man of this city concluded that/he• would
attend church. He straightway vesented
himself at the door and was taken ,in
charge by a polite sexton, :who - showed
him into a seat beside a young person' of
the femeuine gender. This young person
was attired in a white gown—fresh from
the laundry—and guileless of spot or wrin
kle. With that instinctive neatness
in n to most of the fair sex, the young la
dy had spread out the skirt of her gown ,
as much as possible, to save it from the
rumples incident to a sitting posture. The
-young man on taking his seat did not at
first observe the display of drapery beside
him. After a while he east his eyes a
round. They, fell on the white . muslin,
and he felt himself growing red and white
. • .
shirt have escaped from its confinement
in his unmentionables His hand' trem
bled, but he surreptitiously laid hold of
the lady's property, lifted his coat, under
his pantaloons: The ladyc sitrpriSed at
this, to. Vaer o muaccountable manoever,
moved a little but said nothing. The
young gentleman again became interested
in the sermon, but glancing down lit the
seat a moment or two after, beheld to his
horror, what he supposed to be unman
ageable garment. With a convulsive ef
fort ha clutched it in his shaking hand,
aihd was
,endevoritlg to put it where it
'should; Have been, it it' had inus
lin, when the lady moved fiir enough a
way to take her skirt out of the reach of
the unhappy young man. With an ex
pression of countenance plainly depicted
the unutterable thyiughts wiLthin him, the
young man took up his hat and hurridly
left the sanctuary.
A Non-Conarnital Captain.
Captain Ward, of Portsmouth, was in li
eccentric of_the first water; and one of his
• • udiarities - was - that he never—gave—the
desired answer to a direct question. An
amusing instance of this evasive habit_is_
related. One morning, four of his friends,
who ware aware of this trait in his char
acter, observed the captain going to mar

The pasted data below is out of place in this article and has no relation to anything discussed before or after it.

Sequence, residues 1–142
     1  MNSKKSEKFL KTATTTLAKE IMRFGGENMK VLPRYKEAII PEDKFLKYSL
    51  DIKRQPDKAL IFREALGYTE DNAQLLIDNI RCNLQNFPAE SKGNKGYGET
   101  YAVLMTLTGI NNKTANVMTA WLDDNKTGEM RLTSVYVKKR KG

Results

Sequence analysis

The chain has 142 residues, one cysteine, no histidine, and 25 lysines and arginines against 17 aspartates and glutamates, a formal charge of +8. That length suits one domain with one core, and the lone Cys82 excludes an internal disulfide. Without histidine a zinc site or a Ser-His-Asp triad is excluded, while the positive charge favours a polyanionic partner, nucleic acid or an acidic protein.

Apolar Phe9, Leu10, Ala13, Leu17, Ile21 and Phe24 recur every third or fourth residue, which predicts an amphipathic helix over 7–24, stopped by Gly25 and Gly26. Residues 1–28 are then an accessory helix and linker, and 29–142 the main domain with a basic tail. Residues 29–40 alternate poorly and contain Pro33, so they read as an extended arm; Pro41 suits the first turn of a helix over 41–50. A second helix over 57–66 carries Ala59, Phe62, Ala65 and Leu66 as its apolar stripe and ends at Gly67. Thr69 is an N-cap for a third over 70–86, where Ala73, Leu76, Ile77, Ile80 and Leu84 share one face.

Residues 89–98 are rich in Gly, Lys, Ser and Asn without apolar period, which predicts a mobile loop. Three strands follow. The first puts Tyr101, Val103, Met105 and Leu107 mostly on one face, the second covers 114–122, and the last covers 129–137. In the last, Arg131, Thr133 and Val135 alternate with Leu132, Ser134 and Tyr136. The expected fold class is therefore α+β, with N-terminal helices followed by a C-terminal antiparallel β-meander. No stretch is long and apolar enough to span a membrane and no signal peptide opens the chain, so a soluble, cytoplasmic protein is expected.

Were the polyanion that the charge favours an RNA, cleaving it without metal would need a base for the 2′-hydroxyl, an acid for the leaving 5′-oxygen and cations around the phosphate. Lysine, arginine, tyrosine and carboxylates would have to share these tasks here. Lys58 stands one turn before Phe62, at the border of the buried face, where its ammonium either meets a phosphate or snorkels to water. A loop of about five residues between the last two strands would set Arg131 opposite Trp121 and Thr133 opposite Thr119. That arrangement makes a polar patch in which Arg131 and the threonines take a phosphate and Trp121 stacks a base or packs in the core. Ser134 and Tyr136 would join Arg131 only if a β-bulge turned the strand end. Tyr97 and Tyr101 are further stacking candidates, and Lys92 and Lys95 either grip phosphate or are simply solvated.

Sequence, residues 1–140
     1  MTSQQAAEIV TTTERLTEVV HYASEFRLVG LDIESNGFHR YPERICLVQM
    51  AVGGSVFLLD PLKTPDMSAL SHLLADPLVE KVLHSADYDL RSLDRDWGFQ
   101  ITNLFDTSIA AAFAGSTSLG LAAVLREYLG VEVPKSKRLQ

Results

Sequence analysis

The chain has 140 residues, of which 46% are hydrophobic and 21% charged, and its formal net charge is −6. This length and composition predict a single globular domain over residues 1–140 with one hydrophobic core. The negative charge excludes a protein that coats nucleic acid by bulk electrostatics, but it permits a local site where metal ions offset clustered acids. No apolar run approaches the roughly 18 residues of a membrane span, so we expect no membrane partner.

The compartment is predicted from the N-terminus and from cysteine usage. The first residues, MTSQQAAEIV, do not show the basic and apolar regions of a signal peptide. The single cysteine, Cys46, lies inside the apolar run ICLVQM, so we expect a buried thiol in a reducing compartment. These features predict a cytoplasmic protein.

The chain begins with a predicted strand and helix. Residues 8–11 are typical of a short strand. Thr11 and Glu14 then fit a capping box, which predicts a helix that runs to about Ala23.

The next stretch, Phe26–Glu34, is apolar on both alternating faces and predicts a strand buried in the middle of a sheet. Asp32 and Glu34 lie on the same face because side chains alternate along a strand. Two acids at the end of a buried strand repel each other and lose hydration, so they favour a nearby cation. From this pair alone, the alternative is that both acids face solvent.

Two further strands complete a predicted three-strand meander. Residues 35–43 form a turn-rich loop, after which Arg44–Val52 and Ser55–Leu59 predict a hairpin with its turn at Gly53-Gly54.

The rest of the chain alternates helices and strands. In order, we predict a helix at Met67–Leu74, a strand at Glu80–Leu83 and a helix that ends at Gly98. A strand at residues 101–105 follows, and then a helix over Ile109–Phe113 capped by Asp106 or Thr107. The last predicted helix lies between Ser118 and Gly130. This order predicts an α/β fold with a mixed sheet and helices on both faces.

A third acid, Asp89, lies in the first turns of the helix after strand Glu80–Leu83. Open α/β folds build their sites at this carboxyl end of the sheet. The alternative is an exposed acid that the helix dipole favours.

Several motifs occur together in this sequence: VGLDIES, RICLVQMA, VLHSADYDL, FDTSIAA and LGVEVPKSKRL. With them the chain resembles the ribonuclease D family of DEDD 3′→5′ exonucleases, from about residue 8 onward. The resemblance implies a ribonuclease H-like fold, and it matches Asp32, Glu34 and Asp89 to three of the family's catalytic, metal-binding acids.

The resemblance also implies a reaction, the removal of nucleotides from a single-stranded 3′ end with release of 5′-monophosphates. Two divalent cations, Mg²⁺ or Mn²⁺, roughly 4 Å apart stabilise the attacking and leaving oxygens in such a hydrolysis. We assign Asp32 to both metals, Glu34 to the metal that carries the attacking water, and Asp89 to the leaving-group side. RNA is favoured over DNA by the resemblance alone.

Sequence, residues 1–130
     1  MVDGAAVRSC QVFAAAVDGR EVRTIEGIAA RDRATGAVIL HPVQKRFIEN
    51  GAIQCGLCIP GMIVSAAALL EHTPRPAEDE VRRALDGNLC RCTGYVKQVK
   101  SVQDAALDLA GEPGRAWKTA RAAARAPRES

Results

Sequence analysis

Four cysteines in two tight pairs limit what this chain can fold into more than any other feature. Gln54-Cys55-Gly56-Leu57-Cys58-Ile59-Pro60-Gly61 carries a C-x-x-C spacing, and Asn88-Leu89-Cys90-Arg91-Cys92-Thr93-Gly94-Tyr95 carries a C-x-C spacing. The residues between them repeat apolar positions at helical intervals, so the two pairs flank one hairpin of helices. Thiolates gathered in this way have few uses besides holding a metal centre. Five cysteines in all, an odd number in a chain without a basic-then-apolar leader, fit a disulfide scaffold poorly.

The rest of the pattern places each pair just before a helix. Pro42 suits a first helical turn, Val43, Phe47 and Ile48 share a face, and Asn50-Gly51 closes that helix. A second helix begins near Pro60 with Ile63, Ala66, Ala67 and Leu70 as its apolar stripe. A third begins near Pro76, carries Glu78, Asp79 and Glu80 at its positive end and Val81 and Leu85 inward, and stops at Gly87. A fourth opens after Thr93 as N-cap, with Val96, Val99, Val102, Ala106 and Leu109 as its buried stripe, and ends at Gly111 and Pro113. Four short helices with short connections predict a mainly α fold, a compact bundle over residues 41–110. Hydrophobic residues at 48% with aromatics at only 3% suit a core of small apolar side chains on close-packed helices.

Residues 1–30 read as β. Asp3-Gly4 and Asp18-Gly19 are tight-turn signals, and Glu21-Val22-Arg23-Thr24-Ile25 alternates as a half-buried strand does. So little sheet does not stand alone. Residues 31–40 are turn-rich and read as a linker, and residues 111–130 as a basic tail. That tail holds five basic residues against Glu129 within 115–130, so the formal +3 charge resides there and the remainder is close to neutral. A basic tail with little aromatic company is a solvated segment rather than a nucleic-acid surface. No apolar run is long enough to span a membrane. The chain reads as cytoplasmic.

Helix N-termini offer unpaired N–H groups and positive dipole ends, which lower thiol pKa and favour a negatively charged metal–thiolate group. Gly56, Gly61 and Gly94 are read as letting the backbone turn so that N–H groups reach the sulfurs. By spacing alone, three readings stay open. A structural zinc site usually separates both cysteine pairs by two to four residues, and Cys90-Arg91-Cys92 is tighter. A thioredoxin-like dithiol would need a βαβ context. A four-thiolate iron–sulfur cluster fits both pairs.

ket, and, after some bantering, entered in
to a bet as to the "racticability of learn
ing from him the price he had paid for
his purchase. They accordingly settled
the preliminaries, and stationing them
selves at different points along a street
which he mustpass on his way home, a
waited his coming. Very soon the bluff
old gentleman made his appearance, with
several pigeons in his hand. As he ap
proached, the first questioner accosted him
with :
"Good morning, captain! What did
you give for pigeons this morning ?"
"Money," raid the captain, bluntly, as
he passed up the street. The second gen
eman, a little futher on, addressed him
an• 4 - ed :
"Ho.o pigeons this morning, captain?"
"They don't go at all ; I carry ''em !"
was the equally unsatisfactory reply,—
Shortly . after he met the third, who asked,
the time of day and inquired :
"How much are pigeons a doten; -cap
tain ?"
"Didn't get a dozen-ronly bought half
a dozen I" said the old gentleman, still
plodding on his way. Finally, the fourth
and last a f the conspirators cottoned to
the wary old salt by observing, in the blin
dest tones :
"A fine• lot of pigons you have here,
captain I Wnat did you get them for ?"
• "To eat," was the pertinent and em
phatic rejoinder, and the captain reached
home without further molestation.
A Strange Case:
A sad incident occurred, at Steuben
ville County Infirmary a few •'days ago,
resulting in a horrible death, the bury.
ing of Small lad named ,Murphy, aged